Giuseppe Sandro Mela.
Il ministro del Commercio Penny Mordaunt e il ministro degli Esteri Liz Truss si contenderanno un posto al ballottaggio finale insieme a Rishi Sunak nella gara per diventare leader dei conservatori e prossimo primo ministro del Regno Unito.
Nell’ultimo scrutinio dei parlamentari Tory di martedì, l’ex Cancelliere dello Scacchiere ha ottenuto 118 voti – avvicinandosi alla soglia chiave di 120 necessaria per ottenere un posto negli ultimi due. Mordaunt ha ottenuto 92 voti e Truss 86.
L’ex ministro delle Pari Opportunità Kemi Badenoch è stata eliminata e la ridistribuzione dei suoi 59 voti sarà determinante per stabilire come si svolgeranno gli eventi.
I legislatori conservatori voteranno per l’ultima volta mercoledì per restringere il campo a due, mentre i membri Tory di base prenderanno la decisione finale durante l’estate
Il risultato dipenderà probabilmente dalla reazione dei sostenitori di Badenoch: Truss è probabilmente la più naturale per loro – anche se molti fattori sono in gioco – e ha una reale possibilità di superare Mordaunt nel ballottaggio finale.
Il risultato di martedì ha riservato una sorpresa, dato che ci si aspettava che la maggior parte dei sostenitori di Tom Tugendhat – considerato il candidato più centrista, eliminato lunedì – si spostasse su Sunak. In realtà, il sostegno dell’ex cancelliere è aumentato di soli tre voti.
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(Bloomberg) — Trade minister Penny Mordaunt and Foreign Secretary Liz Truss will battle for a place in the final runoff alongside Rishi Sunak in the contest to be Conservative leader and the UK’s next prime minister.
In the latest ballot of Tory MPs Tuesday, the former Chancellor of the Exchequer won 118 votes — closing in on the key threshold of 120 needed to clinch a spot in the final two. Mordaunt had 92 votes and Truss 86. Former equalities minister Kemi Badenoch was eliminated, and the redistribution of her 59 votes will be pivotal in determining how events play out.
Conservative lawmakers will vote for a last time on Wednesday to narrow the field to two, with grassroots Tory members making the final decision over the summer. The winner will be announced Sept. 5.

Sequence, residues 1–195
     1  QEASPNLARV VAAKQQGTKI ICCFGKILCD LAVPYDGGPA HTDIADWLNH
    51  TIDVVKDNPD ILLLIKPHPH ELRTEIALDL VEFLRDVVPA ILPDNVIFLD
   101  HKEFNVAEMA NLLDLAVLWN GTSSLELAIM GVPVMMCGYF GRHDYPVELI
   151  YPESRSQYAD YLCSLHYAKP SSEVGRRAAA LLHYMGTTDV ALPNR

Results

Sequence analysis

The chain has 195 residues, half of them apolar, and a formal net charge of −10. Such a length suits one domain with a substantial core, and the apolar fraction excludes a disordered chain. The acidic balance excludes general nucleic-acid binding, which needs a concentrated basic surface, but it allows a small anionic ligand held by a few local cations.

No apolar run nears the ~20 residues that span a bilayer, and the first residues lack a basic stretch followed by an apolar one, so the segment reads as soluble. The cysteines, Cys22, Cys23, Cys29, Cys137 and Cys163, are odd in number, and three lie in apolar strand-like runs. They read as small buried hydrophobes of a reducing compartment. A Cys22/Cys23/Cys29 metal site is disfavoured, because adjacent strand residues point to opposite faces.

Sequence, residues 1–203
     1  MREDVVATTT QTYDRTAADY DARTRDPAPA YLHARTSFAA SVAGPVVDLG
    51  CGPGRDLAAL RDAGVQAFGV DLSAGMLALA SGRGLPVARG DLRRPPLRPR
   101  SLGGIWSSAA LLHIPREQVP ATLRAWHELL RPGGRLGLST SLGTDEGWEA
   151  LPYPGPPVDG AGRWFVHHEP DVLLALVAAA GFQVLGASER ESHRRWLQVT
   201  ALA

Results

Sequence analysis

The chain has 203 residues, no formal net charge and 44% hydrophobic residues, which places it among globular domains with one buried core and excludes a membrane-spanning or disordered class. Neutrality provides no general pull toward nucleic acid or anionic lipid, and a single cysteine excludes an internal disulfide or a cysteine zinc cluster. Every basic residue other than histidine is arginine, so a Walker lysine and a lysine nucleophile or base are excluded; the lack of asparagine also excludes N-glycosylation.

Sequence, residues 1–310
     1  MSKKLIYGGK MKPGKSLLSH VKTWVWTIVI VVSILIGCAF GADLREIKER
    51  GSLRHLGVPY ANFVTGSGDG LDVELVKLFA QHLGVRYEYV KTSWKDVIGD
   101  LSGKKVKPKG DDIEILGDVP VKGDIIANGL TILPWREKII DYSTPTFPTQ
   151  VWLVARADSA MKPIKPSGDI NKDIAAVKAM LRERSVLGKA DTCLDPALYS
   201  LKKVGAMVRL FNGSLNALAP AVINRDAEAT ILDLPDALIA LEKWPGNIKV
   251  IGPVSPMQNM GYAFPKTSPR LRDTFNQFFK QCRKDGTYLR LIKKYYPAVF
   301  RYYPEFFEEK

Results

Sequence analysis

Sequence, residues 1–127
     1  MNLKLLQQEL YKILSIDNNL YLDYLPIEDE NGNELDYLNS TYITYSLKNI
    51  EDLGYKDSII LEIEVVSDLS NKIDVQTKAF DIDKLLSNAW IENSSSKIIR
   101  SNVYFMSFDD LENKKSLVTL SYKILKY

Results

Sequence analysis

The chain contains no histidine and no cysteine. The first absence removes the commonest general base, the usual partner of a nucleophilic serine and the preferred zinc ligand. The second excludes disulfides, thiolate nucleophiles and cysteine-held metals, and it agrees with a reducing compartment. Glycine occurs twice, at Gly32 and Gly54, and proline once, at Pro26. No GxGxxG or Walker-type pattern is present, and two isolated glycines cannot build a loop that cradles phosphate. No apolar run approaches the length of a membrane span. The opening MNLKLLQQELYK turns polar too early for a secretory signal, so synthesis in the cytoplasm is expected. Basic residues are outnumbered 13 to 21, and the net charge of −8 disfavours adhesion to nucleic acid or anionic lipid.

While Truss will be disappointed to trail Mordaunt for a fourth round of voting after lackluster performances in televised debates over the past week, she’ll be heartened by gaining 15 extra votes to her rival’s 10 in the latest tally.
The outcome is likely to depend on how Badenoch backers react: Truss is arguably a more natural fit for them — though many factors are at play — giving her a real chance of overtaking Mordaunt in the final ballot.
Tuesday’s result did throw up a surprise, given most supporters of Tom Tugendhat — considered the most centrist candidate who was knocked out on Monday — had been expected to move to Sunak. In fact, the former chancellor’s support rose by only three votes.
Instead, it was Mordaunt and Truss whose numbers changed the most. That might be a disappointment for Sunak to have not gained more support, but it also raises the question of whether there was some tactical voting.
Despite holding a commanding lead and winning every ballot of Tory MPs, Sunak’s real challenge may still lie ahead. Just before Tuesday’s result, a new poll published by YouGov showed he would lose out to both Mordaunt and Truss in the final ballot of grassroots members.
If he makes the last pair as expected, he will have six weeks of touring the country to turn that situation around.
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The contest has been hostile, triggering warnings from Tory grandees that the so-called blue-on-blue attacks are damaging the party’s standing with the wider electorate. Sky News was forced to cancel a televised debate planned for Tuesday, saying Sunak and Truss had pulled out.
Both Sunak and Mordaunt have been especially targeted. Despite sitting in cabinet with Sunak, Truss accused the former chancellor of choking off growth.
Mordaunt has even faced criticism from her boss, Trade Secretary Anne-Marie Trevelyan, who accused the junior minister of spending some of her time over the last few months preparing her leadership campaign, and of being absent when needed to do departmental work.
The trade minister now faces a real battle to hold onto second. Many Westminster watchers expected a final two of Sunak and Truss, and the foreign secretary has made no secret over the years of her ambition to hold the top job in British politics.
Mordaunt’s rise, however, has gone more under the radar.
Both of their hopes will now depend on the next 24 hours spent wooing backers of the ousted Badenoch. Supporters of both Truss and Mordaunt were quick to praise her after the vote.
Meanwhile Badenoch’s surprise popularity on the right of the party, propelled by the support of senior Tory Michael Gove, has almost certainly secured her a senior government position regardless of whoever is the next prime minister.